“One particular occasion was recalled by his son, Charles C. Diggs, Jr., who was riding in the hearse with his father, as he often did. As they neared the cemetery on Woodward Avenue, the superintendent seeing the funeral cars approaching rushed to park his car across the driveway’s front entrance. This time, says Diggs, Jr., his father got angry, climbed out of the hearse and knocked the superintendent down. “As you know,” continued Diggs, Jr., “my father was not a big man, but he was just fed up with that kind of mistreatment.”” – Roberta Hughes Wright, Detroit Memorial Park: The Evolution of an African American Corporation10
While there were many founders of Detroit’s first African American Corporation, it was undertaker Charles C. Diggs, Sr. who agitated to found a cemetery where Black Detroiters could be buried with dignity. Diggs was already the successful proprieter of House of Diggs Funeral Home, but his role as a funeral director only amplified his frustrations with local cemeteries and their differing policies on race. Taking a page out of the Booker T. Washington playbook, he decided to get other black business owners together to purchase a large plot of land. With limited possibilities in Detroit, he purchased land in what was then Warren Township. While initially there was no issue with the purchase, soon white residents began to protest the residence of the cemetery’s black superintendent on the property.11
To help stall possible conflicts, Diggs and another mortician, Vollington A. Bristol, hurriedly buried the first body on the property, a stillborn infant named Emma L. Brown, on October 30, 1926 in the middle of the night. Little over a week later, the first official adult burial was held.12
Aaron C. Toodle, a pharmacist, was elected the first president of the Detroit Memorial Park Association. Both Toodle and Diggs were politically active, at one time campaigning for the same seat in the State Senate, Toodle as a Republican and Diggs as a Democrat. In the end, it was Diggs who was elected, as the first Black senator in Michigan. He would go on to back civil rights legislation after being denied a room at the hotel across the street from the capitol building. The legislation came to be known as the Diggs civil rights bill, and banned discrimination in public accommodations based on race, creed or color, which made sense considering his passionate feelings on segregation. According to his son, the bill was the first of its kind.13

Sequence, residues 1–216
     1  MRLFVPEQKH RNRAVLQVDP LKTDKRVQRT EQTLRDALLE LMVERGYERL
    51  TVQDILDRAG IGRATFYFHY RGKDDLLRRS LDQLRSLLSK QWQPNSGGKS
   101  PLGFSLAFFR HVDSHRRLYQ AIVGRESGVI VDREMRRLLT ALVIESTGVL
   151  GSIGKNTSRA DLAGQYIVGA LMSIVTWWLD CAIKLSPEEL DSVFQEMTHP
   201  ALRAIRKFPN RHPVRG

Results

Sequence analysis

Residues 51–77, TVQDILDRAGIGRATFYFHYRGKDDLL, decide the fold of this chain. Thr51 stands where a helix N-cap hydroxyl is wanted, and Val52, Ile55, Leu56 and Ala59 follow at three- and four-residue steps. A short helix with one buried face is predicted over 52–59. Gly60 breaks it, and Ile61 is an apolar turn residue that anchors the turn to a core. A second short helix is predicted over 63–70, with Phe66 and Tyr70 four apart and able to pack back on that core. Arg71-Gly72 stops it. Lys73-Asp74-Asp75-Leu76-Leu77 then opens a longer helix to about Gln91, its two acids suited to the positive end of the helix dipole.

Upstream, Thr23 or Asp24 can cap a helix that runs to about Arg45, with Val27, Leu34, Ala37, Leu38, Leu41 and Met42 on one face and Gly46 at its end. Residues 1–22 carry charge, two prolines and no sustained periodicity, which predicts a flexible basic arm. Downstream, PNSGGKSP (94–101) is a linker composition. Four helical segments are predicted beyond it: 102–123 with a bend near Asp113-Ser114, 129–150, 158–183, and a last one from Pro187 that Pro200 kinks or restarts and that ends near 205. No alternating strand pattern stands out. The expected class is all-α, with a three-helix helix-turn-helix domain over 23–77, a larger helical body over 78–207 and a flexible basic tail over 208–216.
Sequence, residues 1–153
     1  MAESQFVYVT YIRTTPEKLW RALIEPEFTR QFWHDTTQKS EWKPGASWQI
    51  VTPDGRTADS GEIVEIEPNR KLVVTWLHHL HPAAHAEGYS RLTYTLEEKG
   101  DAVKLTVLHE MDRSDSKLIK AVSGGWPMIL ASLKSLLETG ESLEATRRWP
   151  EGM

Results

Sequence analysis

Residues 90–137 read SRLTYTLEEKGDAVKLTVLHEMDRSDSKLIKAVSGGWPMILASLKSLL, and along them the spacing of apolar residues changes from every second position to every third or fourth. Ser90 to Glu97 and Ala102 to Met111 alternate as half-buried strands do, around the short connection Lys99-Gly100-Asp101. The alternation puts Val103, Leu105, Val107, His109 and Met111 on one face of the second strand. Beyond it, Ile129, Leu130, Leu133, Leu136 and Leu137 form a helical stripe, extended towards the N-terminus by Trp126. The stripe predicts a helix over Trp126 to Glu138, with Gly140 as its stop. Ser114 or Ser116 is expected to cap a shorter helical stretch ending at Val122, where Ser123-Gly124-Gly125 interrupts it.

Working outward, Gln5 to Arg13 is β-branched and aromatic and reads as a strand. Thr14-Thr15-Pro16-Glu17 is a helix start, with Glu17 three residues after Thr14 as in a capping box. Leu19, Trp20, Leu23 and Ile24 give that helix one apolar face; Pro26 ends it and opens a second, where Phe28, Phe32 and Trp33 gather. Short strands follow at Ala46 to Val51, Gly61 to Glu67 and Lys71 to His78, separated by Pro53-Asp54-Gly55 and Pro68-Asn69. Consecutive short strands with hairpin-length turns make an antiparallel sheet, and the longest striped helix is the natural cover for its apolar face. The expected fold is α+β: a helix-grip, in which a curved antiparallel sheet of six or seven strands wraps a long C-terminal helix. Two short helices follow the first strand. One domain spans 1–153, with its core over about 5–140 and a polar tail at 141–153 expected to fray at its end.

Detroit Memorial Park served not only as a dignified burial ground for the city’s black population, but also served the living. During World War II, the company set aside plots for families to plant Victory Gardens. This was especially important to those in areas that could not support them, and the land was especially popular with residents of the Brewster Homes Housing Projects.14
Most importantly, in April 1942 the board began to discuss the possibility of loaning money from their Perpetual Care Fund, the fund that was meant to pay for upkeep after the plots were filled, to African Americans who were struggling to receive loans for businesses and homes. Many banks wouldn’t even look at the loan applications, and the Association would provide a vital avenue for businesses and home ownership to flourish. They began offering loans a few years after the discussion. As banks became more cooperative, they discontinued the practice, but for a good time they were an important financial institution for Black Detroiters.15
As Diggs’ political career took off, Toodle became the driving force behind the association, serving on the board for 35 years. Importantly, as the board aged he began training the next generation, largely the children and grandchildren of the original board. By doing this, he made sure to ensure the future of this vital institution.16
Detroit Memorial Park has since expanded to include Detroit Memorial Park-West and Greenlawn Cemetery in Flint. The current members of the Board of Directors are all related to the original 1925 investors: Dr. C. Robert Bass DDS, President; Wilbur B. Hughes, III, General Manager; William Andrews, Jr.; Robert Bell Bass; George Dunbar, Jr.; Allen Rawls; Winona Allen Rawls and Roberta Hughes Wright. The most famous internments currently are Elijah McCoy, African American inventor and originater of “The Real McCoy”, and Florence Ballard of The Supremes, as well as both Diggs, Sr. and Jr.